Appl Clin Inform 2013; 04(02): 170-184
DOI: 10.4338/ACI-2013-01-RA-0006
Research Article
Schattauer GmbH

Do Language Fluency and Other Socioeconomic Factors Influence the Use of PubMed and MedlinePlus?

L. Sheets
1  University of Missouri Informatics Institute, Columbia, Missouri, USA
2  National Library of Medicine, Bethesda, Maryland, USA
,
A. Gavino
2  National Library of Medicine, Bethesda, Maryland, USA
,
F. Callaghan
2  National Library of Medicine, Bethesda, Maryland, USA
,
P. Fontelo
2  National Library of Medicine, Bethesda, Maryland, USA
› Author Affiliations
Further Information

Correspondence to:

Lincoln R Sheets, MD
Missouri University Informatics Institute
EBW 241, Columbia MO 65211

Publication History

received: 23 January 2013

accepted: 30 March 2013

Publication Date:
19 December 2017 (online)

 

Summary

Background: Increased usage of MedlinePlus by Spanish-speakers was observed after introduction of MedlinePlus in Spanish. This probably reflects increased usage of MEDLINE and PubMed by those with greater fluency in the language in which it is presented; but this has never been demonstrated in English speakers. Evidence that lack of English fluency deters international healthcare personnel from using PubMed could support the use of multi-language search tools like Babel-MeSH.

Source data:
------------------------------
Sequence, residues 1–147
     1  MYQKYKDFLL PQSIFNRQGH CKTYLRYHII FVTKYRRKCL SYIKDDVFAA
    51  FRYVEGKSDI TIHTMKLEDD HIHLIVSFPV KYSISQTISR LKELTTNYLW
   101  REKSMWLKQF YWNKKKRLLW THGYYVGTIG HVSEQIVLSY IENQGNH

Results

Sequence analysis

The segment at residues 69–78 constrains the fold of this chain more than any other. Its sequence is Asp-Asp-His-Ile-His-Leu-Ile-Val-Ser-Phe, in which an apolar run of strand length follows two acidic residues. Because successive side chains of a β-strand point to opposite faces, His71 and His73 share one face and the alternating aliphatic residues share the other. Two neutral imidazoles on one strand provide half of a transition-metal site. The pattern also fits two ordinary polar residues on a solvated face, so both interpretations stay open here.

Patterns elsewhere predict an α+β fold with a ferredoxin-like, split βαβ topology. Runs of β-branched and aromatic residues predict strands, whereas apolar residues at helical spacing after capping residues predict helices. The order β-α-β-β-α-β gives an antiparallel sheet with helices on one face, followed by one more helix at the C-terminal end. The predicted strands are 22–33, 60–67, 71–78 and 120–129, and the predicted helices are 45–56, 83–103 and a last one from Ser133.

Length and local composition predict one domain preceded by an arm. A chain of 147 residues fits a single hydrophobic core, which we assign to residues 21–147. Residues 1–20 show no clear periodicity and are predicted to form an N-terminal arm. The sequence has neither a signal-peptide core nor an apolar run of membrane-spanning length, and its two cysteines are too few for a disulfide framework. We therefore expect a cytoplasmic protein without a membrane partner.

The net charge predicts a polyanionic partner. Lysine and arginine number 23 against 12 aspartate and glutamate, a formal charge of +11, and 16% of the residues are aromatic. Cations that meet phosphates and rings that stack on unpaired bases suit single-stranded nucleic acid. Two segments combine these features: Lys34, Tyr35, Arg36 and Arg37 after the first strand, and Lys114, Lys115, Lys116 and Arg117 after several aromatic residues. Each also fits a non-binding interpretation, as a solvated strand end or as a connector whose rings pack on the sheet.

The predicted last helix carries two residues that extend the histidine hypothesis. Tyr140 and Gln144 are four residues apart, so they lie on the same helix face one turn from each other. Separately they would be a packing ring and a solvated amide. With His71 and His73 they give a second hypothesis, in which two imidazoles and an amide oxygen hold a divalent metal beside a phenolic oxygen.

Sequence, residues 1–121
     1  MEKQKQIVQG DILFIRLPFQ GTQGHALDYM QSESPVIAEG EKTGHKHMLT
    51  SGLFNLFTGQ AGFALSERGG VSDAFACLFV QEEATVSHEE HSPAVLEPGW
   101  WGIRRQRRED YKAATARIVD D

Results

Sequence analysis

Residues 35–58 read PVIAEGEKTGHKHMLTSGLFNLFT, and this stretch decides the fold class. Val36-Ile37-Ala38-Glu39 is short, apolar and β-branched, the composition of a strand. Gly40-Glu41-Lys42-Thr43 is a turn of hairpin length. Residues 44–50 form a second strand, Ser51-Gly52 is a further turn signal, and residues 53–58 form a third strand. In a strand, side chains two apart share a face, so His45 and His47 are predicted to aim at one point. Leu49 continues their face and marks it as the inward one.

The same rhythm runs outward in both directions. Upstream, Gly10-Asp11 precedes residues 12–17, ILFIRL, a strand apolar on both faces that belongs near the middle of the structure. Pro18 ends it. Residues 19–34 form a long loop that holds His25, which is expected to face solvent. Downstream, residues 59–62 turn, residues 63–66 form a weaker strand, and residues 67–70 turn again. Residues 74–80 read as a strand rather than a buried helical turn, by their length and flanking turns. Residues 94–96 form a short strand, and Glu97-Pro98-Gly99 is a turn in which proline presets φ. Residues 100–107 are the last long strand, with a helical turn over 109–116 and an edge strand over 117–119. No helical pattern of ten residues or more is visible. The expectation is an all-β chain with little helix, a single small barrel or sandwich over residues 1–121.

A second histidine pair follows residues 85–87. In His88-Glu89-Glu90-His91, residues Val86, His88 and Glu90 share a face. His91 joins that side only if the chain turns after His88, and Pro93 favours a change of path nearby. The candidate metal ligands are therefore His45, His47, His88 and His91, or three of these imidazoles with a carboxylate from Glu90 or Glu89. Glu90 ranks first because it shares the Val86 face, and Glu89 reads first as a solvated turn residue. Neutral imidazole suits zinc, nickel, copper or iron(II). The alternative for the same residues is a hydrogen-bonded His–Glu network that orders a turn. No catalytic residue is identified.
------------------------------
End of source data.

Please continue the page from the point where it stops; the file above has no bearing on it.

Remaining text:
Objectives: This study aims to measure the effects of language fluency and other socioeconomic factors on PubMed MEDLINE and MedlinePlus access by international users.

Methods: We retrospectively reviewed server pageviews of PubMed and MedlinePlus from various periods of time, and analyzed them against country statistics on language fluency, GDP, literacy rate, Internet usage, medical schools, and physicians per capita, to determine whether they were associated.

Results: We found fluency in English to be positively associated with pageviews of PubMed and MedlinePlus in countries with high literacy rates. Spanish was generally found to be positively associated with pageviews of MedlinePlus en Español. The other parameters also showed varying degrees of association with pageviews.

Conclusions: After adjusting for the other factors investigated in this study, language fluency was a consistently significant predictor of the use of PubMed, MedlinePlus English and MedlinePlus en Español. This study may support the need for multi-language search tools and may increase access of health information resources from non-English speaking countries.

Citation: Sheets L, Gavino A, Callaghan F, Fontelo P. Do language fluency and other socioeconomic factors influence the use of PubMed and MedlinePlus? Appl Clin Inf 2013; 4: 170–184

http://dx.doi.org/10.4338/ACI-2013-01-RA-0006


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Conflict of Interest

The authors declare that they have no conflicts of interest in the research.


Correspondence to:

Lincoln R Sheets, MD
Missouri University Informatics Institute
EBW 241, Columbia MO 65211